Archive for the ‘Historicity’ Category

Real Jesus Hiding in the NT?


(Debunking Christianity) – David Madison:

It’s standard practice for art dealers to provide documentation that the works they sell are the real thing; ideally there will be a paper trail showing ownership back to the original artist. At the end of movies there are several minutes of rolling credits, hundreds of names, of all the people who helped make the film. At the end of any biography, the reader can find the sources used, commonly hundreds of them: this is where the information comes from – and any curious researcher can find them as well.

A couple of hundred years ago, Bible scholars began to grapple with the inconvenient truth that the gospels – those iconic titles, Matthew, Mark, Luke, and John – have no such anchors: No documentation, credits at the end, or identified sources. They seem to position themselves as history, but what’s the evidence for that?

So, without the documentation, any list of credits or identified sources, just what are the gospels? Yes, they are theology, but what if the gospel of Mark – which all the others copied, referred to and modified – was never even intended as history? R. G. Price’s 2018 book, Deciphering the Gospels Proves Jesus Never Existed, presents the case for that. Price, a software engineer and data analyst, demonstrates his skills as a detective, looking behind the façade of the gospels to get at what really happened. His book is highly readable, and can help laypeople grasp why a real Jesus is subject to doubt. …

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R. G. Price: Deciphering the Gospels - Proves Jesus Never Existed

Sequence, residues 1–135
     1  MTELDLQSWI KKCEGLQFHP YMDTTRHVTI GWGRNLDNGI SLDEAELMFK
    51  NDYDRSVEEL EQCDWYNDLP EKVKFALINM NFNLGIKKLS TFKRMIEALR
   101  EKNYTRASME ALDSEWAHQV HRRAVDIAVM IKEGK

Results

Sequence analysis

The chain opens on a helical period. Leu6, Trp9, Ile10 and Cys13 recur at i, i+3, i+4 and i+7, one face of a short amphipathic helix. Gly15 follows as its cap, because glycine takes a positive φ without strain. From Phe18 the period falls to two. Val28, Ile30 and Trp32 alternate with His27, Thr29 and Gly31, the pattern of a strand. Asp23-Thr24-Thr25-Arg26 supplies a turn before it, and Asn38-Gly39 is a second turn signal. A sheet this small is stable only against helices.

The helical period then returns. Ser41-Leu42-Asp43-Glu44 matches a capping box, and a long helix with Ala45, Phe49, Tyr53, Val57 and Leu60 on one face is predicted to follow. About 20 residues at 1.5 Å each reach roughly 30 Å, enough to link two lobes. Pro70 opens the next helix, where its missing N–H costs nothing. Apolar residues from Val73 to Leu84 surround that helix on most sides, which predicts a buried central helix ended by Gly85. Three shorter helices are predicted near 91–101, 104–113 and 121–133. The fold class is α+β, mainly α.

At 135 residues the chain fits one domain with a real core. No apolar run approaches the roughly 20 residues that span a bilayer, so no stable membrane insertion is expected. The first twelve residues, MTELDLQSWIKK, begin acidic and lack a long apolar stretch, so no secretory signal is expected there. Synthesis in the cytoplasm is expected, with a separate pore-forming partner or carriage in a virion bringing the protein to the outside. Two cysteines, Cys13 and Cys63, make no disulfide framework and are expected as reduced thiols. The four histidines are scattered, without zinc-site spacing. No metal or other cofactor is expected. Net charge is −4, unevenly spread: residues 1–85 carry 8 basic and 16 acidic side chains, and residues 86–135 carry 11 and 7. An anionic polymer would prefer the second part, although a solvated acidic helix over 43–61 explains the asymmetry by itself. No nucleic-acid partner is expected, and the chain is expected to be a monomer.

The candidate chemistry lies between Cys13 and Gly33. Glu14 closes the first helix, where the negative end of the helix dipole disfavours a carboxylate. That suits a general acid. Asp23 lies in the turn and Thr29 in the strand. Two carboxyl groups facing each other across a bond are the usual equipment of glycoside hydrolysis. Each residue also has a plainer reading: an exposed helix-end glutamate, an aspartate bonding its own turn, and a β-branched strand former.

A Bible Book Of Blunders


(Debunking Christianity) – David Madison:

In terms of shattering the credibility of Christianity, the Book of Acts does a pretty good job. Some of the cringe-worthy stuff jumps right out at us, other flaws become more obvious when readers study the texts carefully and try to align its stories with information in the letters of Paul, who is the main hero of Acts.

Was Acts written 30, 40 or 50 years after Paul’s death? We don’t know, but whenever we read something in Paul’s letters that contradicts Act, we can be sure that it was the author of Acts who got it wrong. “…when Acts can be compared with information derived from the undisputed Pauline letters, there is partial or full disagreement upon most major points.” …

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Papyrus 46 folio

The Bible Against Itself


(Debunking Christianity) – David Madison:

It was a big blunder to publish the four gospels side-by-side; careful readers can see the errors and inconsistencies. It’s probably too harsh to say that the authors were good liars; we should be kind and just accept that they wrote pious fiction. We shouldn’t even look for fragments of history in the gospels; there’s no way to be sure which verses preserve authentic memories of Jesus events.

The problems abound when the gospels are studied against the background of the epistles. The apostle Paul, for example, wrote his letters well before the gospels existed, and seems to have known precious little about Jesus—and had no interest in finding out. Paul blustered along, writing reams of theology, little suspecting that he was undermining stories that the later gospel writers would tell.

Consider, for example, an excerpt from Paul’s Letter to the Romans, 13:1-4

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Randel McCraw Helms: The Bible Against Itself: Why the Bible Seems to Contradict Itself

Goodreads: Randel Helms: The Bible Against Itself: Why the Bible Seems to Contradict Itself

Jésus-Christ, Sublime Figure de Papier


(Vridar) – Neil Godfrey:

My routine was interrupted this week with the arrival of a new book in the mail, Jésus-Christ, Sublime Figure de Papier by Nanine Charbonnel. She is an emeritus professor of philosophy who describes herself as a specialist in hermeneutics.